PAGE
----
Book review: The Power of LinkedIn

power of linkedin

I recently subscribed to a library membership and chanced upon “The Power of LinkedIn” by Jan Vermeiren and Bert Verdonck. Jan and Bert are both celebrities in their own right when it comes to expertise on professional networking. Both of them have written several books and spoken at professional events on how to bring an individual’s or an organization’s professional networks to life. As LinkedIn takes up more of my social networking time compared to any other platform (more than FB and WhatsApp), the book caught my attention. I consider myself an advanced-level LinkedIn user, having used most of the functionalities one can get from a free membership. I’ve used the platform to build my personal brand and create a global network of connections. That said, even for an advanced user, “The Power of LinkedIn” has several useful tips and recommendations.

I’m enlisting some of the key lessons that beginners, as well as advanced LinkedIn users, can learn from the book.

For LinkedIn beginners:

  1. Tips on how to set up a credible profile
  2. How to build and work towards a goal through LinkedIn
  3. The traps to avoid with LinkedIn
  4. The power of groups and associations
  5. The LinkedIn attitude- Thinking long-term

For advanced users:

  1. How to define goals and tasks
  2. Why features like SlideShare and YouTube are important and how to use them effectively
  3. Looking beyond 1st degree connections and ways to build a strong 2nd degree network
  4. How advanced searches can help find connections and potential employees
  5. How to build eminence through LinkedIn Groups

Overall, it’s a very practical and useful book with a lot of potential to change an individual’s approach toward professional networking. I’d recommend the book to anyone who wants to dig deep on how to unlock the platform’s immense potential.

So, are you a DRIFTer?

Creating the perfect output every single time in the highly complicated job environment may not be as impossible as it sounds

“Do it right the first time” or DRIFT is a concept that got introduced into the business lexicon from the manufacturing industry in the 1980s.  The concept refers to setting up processes and systems in such a way that the distribution receives goods from production just once but without errors.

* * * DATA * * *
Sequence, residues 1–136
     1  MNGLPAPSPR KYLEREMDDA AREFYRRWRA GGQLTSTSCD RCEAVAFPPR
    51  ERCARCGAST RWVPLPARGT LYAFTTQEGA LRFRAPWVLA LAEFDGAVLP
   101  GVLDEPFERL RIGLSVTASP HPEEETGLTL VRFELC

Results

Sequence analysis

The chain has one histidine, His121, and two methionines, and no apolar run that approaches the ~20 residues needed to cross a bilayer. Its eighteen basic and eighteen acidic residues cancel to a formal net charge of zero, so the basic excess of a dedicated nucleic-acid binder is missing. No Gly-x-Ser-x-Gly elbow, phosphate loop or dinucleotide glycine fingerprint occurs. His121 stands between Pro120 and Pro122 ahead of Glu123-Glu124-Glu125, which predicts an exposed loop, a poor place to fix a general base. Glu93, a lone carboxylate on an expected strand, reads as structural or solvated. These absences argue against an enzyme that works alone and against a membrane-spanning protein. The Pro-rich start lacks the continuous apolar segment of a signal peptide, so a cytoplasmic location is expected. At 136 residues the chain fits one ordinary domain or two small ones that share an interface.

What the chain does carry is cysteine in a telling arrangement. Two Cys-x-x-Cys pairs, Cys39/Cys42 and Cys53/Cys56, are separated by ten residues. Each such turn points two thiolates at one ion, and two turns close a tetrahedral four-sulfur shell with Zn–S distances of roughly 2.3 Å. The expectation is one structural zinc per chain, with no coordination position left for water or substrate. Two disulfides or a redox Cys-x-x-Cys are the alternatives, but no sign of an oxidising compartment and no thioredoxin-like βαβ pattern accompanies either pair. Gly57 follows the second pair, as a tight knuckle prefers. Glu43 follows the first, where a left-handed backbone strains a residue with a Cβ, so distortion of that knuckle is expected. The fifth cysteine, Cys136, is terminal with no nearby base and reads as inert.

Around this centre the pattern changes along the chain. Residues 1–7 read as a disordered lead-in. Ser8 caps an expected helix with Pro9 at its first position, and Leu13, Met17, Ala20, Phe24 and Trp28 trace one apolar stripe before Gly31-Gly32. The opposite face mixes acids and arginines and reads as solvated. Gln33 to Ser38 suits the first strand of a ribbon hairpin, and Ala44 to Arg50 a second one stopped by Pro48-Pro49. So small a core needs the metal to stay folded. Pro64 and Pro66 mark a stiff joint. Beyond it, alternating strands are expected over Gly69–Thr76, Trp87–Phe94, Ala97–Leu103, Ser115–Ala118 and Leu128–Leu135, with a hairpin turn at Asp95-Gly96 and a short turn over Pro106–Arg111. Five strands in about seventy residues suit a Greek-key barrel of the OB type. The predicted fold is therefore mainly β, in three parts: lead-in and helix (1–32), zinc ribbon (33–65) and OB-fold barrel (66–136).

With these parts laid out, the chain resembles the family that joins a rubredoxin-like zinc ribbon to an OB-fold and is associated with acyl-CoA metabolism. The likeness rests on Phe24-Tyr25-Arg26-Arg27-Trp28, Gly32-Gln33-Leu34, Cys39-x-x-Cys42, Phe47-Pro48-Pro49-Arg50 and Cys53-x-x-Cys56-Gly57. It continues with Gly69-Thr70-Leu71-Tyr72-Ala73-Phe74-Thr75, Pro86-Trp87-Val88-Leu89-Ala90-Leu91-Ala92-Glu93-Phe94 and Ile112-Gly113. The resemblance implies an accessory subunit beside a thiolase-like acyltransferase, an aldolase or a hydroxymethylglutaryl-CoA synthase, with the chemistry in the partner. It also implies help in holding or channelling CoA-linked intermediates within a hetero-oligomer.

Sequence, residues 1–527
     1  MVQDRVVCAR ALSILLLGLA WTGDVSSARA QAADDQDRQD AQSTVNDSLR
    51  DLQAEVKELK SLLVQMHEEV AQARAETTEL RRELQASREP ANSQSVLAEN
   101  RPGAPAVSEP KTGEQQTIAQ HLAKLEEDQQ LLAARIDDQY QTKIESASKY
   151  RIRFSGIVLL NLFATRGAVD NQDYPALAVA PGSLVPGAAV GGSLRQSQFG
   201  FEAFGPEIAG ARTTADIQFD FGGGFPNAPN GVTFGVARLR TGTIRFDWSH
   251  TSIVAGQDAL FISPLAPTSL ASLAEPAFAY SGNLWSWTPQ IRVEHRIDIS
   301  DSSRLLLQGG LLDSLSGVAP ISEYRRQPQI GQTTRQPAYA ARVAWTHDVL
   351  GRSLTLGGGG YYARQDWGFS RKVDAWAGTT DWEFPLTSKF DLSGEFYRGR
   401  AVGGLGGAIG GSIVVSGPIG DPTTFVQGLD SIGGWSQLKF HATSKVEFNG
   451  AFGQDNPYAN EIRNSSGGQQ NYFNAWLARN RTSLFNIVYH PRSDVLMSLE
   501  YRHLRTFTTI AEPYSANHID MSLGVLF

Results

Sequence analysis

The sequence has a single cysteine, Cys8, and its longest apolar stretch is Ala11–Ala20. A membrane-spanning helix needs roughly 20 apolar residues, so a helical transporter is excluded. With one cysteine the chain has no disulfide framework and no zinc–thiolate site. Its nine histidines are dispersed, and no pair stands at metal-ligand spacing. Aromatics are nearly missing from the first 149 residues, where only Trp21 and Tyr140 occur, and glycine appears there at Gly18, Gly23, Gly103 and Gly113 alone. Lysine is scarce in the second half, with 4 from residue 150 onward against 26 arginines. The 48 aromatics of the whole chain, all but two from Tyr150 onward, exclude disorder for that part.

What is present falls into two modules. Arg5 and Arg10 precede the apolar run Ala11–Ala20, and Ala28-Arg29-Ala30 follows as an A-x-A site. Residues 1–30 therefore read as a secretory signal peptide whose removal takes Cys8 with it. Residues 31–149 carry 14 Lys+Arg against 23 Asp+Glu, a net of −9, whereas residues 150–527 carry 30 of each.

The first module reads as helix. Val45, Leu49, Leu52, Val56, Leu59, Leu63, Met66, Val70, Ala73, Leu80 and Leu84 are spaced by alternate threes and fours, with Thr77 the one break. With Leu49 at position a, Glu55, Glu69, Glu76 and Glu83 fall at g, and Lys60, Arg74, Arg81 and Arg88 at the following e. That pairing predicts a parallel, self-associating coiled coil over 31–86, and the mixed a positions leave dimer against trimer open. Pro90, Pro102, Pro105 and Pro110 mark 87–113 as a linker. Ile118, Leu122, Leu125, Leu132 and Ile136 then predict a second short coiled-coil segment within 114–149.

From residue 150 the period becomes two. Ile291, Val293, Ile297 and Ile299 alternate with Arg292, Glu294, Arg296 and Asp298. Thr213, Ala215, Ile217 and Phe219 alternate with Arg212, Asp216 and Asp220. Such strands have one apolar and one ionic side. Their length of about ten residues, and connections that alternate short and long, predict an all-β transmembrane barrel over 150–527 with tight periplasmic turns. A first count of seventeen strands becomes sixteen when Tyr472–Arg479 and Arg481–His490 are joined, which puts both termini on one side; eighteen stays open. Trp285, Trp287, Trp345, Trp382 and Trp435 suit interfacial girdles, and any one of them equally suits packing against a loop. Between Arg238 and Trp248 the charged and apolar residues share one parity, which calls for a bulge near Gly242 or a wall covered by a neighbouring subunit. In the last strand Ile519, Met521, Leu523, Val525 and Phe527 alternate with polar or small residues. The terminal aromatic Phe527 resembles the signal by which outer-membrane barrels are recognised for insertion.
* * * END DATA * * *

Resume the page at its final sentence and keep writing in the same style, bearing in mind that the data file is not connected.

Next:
Psychologists and visionaries have closely looked at the theory to understand ways by which an individual can implement this to their daily work. John Wooden a Hall of Fame basketball player and coach famously quoted, “If you don’t have time to do it right, when will you have time to do it over?”

DRIFT can potentially reduce the cost of production by eliminating the need for carrying excessive inventory or the need to manage customer returns. The concept is simple—whatever comes into production has zero probability of error. In other words, whatever, goes out of the assembly line is done right the first time.

Time and motion experiments reveal that the cumulative time required for executing projects by applying DRIFT principles are much lower compared to conventional techniques.  It is not hard to imagine how life becomes easier for someone who develops the aptitude to do things right at the first go. A professional who churns around the perfect output time and again enjoys greater confidence and trust among managers and colleagues. He or she is better able to manage time and is more engaged with his or her work.

The cost of rework includes not just additional time and effort but also the risk of losing brand equity.  So how does one apply the principle of DRIFT to their daily work? Experts recommend that an individual needs to shed some conventional mind-sets in order to become a DRIFTer.

I do not have time to think about it

As an intensive and highly technical quality control exercise, DRIFT needs significant investment of time and effort to put together systems, processes, and controls to ensure zero error output at the first go.  Individuals and organizations often fail to see that though it involves investing time initially, the returns are high and long-lasting.  The starting point of becoming a DRIFTer is by shedding the barrier of reluctance.

DRIFT does not apply to my job

While a manufacturing concept, the concepts of DRIFT can be applied to every job, every role, and every industry. Research indicates that the most common uses of DRIFT principles outside the manufacturing industry are among professionals in the software, home improvement, and auto repair industry.  There is no evidence to suggest that the concept does not apply to other industries.

I need to employ a consultant

No one knows your job or how you work better than you! It is extremely important for a professional to break down his job into activities and map them to his or her potential failure points.  While the job activity breakdown for two professionals in the same role might look fairly similar, the failure points are really dependant on the individual’s work strengths and weaknesses and therefore unique.

It CAN be done right the first time

No self-improvement plan can work out perfectly the first time, and neither will DRIFT. Unless one works in an assembly line with a fixed set of activities and output expectations, one needs to be persistent with his efforts to find out better ways of doing things right.

The globally renowned author and management thinker Atul Gawande argues that every professional can develop the capability to do things with “no-error” efficiency. Gawande recommends a simple tactical starting point in one’s efforts to become DRIFT compliant— a checklist!